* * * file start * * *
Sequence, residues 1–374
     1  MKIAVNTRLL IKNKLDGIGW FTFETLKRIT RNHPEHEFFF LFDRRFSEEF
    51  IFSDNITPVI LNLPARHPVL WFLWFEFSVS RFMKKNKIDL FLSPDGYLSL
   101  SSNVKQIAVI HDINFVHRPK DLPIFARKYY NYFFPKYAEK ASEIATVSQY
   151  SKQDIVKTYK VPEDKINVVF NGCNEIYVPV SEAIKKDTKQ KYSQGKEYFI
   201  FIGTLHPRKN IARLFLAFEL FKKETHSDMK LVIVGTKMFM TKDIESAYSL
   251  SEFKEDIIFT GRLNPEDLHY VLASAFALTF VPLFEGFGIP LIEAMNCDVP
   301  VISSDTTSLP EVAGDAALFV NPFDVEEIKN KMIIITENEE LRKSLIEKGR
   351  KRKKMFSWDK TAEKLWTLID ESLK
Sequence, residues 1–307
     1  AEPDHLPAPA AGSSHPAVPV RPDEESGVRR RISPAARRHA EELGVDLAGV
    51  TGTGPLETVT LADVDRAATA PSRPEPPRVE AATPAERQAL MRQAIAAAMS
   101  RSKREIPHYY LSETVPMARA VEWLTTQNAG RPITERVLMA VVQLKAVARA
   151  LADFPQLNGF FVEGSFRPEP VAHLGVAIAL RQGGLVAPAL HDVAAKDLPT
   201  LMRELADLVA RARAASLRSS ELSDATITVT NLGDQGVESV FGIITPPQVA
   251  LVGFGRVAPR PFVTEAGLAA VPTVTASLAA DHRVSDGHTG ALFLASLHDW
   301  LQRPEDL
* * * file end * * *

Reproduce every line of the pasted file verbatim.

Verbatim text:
Sequence, residues 1–374
     1  MKIAVNTRLL IKNKLDGIGW FTFETLKRIT RNHPEHEFFF LFDRRFSEEF
    51  IFSDNITPVI LNLPARHPVL WFLWFEFSVS RFMKKNKIDL FLSPDGYLSL
   101  SSNVKQIAVI HDINFVHRPK DLPIFARKYY NYFFPKYAEK ASEIATVSQY
   151  SKQDIVKTYK VPEDKINVVF NGCNEIYVPV SEAIKKDTKQ KYSQGKEYFI
   201  FIGTLHPRKN IARLFLAFEL FKKETHSDMK LVIVGTKMFM TKDIESAYSL
   251  SEFKEDIIFT GRLNPEDLHY VLASAFALTF VPLFEGFGIP LIEAMNCDVP
   301  VISSDTTSLP EVAGDAALFV NPFDVEEIKN KMIIITENEE LRKSLIEKGR
   351  KRKKMFSWDK TAEKLWTLID ESLK
Sequence, residues 1–307
     1  AEPDHLPAPA AGSSHPAVPV RPDEESGVRR RISPAARRHA EELGVDLAGV
    51  TGTGPLETVT LADVDRAATA PSRPEPPRVE AATPAERQAL MRQAIAAAMS
   101  RSKREIPHYY LSETVPMARA VEWLTTQNAG RPITERVLMA VVQLKAVARA
   151  LADFPQLNGF FVEGSFRPEP VAHLGVAIAL RQGGLVAPAL HDVAAKDLPT
   201  LMRELADLVA RARAASLRSS ELSDATITVT NLGDQGVESV FGIITPPQVA
   251  LVGFGRVAPR PFVTEAGLAA VPTVTASLAA DHRVSDGHTG ALFLASLHDW
   301  LQRPEDL